Our September walk was meant to be from Barnoldswick but owing to unforeseen circumstances it had to be abandoned. So, at short notice it was decided to stay local.
We do have some lovely countryside right on our doorstep.
A goodly number of us met at church at 10.30am and we set off down the Crescent and then into Pleasington Fields with, first one deciding and then another, which way to go. Hoghton Bottoms was our goal with a picnic table for four and a handy stile for a comfortable at lunch.
We passed by the Priory on what used to be called the Sandy Path but it is not so sandy any more; we then headed down the fields towards Hoghton with lovely views of Hoghton Tower hill, before cutting across to the ford. Here it was we paused to enjoy our sandwiches, as we were eating drizzly rain began to fall, so our cagoules went on and hoods went up. Few of us had taken umbrellas as we had been battling into a gale force wind, which had been quite good fun.
Fortunately the wind soon blew the rain away and we started off on our peregrinations yet again. This time we kept alongside the river, going through the gorge and under the viaduct, the cost of which nearly bankrupted the railway when it was first built. The waterfalls were splendid and the sunlight was shimmering delightfully, coruscating on the water; while at the bottom of the gorge we were sheltered from those gale force winds. Coming up and out into the wind we were nearly knocked off our feet. However, returning down the canal this wind proved advantageous and we were back in Cherry Tree in good time. A jolly good walk.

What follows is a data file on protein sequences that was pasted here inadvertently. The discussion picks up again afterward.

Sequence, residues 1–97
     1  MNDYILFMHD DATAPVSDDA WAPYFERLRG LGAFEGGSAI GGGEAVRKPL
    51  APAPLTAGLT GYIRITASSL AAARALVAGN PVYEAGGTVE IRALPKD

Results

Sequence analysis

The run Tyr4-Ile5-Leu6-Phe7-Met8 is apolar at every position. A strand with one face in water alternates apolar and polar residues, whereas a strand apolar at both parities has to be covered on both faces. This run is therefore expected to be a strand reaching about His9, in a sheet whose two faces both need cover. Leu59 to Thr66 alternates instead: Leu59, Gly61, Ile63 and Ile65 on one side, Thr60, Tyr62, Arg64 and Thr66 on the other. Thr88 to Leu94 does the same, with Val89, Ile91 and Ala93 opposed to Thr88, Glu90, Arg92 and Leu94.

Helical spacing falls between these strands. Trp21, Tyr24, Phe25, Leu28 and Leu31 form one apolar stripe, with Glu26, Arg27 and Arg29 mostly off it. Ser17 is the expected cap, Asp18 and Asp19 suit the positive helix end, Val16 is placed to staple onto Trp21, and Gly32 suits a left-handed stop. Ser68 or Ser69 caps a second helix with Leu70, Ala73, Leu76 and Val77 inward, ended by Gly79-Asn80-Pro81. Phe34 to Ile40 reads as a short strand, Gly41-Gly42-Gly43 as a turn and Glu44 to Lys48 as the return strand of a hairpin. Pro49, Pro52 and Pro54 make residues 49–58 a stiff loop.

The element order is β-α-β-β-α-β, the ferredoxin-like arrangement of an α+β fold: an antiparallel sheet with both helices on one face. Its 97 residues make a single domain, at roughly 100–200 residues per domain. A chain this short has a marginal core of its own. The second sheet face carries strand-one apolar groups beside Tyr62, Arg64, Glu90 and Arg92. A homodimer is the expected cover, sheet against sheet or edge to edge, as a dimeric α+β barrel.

Beverley and Graham were our leaders for our October walk which was due to start from Rivington Bam car park. The walk was to take in the hillside gardens, built by Lord Leverhulme, as a public recreation area in the early twentieth century. However restoration work on the garden, paid with money from the Heritage Lottery hind, had recently been started so our leaders had to cope with different paths being closed each of the four times they had tried to pioneer the walk. October 17th was no different and, once again the bulldozers, diggers and path layers were out in full force. It all added to the interest and I am looking forward to seeing the gardens when they are fully restored. The weather was fine when we set off uphill but atter a little while drizzle set in and our umbrellas came out but as the temperature was quite high for this time of the year people were not uncomfortable. Just before lunch the rain stopped and we picnicked sitting on huge stones round a small camark. Then the sun came out and the beauty of Rivington came into it’s own with the tall majestic trees gracefully arching their colourful branches over the broad drives established over one hundred years ago. Orange, yellow and burnt sienna leaves crunched, yes crunched, under our feet, it had not been that wet, as we continued alongside the reservoir watching the sunlight dancing on the water. A beautiful walk leaders and a lovely day